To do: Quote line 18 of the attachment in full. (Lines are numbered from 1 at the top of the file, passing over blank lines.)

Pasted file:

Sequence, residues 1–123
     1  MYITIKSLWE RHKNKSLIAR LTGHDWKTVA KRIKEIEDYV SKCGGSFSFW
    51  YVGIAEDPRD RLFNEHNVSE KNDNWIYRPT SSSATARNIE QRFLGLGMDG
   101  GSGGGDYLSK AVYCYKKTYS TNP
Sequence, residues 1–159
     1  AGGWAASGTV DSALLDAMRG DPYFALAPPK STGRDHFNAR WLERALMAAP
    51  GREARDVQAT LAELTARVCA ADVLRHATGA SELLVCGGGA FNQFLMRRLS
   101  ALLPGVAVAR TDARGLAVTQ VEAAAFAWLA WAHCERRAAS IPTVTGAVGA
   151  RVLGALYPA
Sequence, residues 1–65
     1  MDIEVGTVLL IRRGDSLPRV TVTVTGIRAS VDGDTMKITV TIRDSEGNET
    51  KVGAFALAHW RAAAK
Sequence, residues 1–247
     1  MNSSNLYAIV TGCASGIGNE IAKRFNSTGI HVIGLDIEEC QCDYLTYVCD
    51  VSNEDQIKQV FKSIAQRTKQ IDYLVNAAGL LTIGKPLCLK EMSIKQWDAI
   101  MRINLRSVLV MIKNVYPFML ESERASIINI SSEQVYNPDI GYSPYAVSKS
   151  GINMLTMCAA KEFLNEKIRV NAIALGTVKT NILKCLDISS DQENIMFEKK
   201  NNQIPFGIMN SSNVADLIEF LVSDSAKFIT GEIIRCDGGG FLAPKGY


   201  NNQIPFGIMN SSNVADLIEF LVSDSAKFIT GEIIRCDGGG FLAPKGY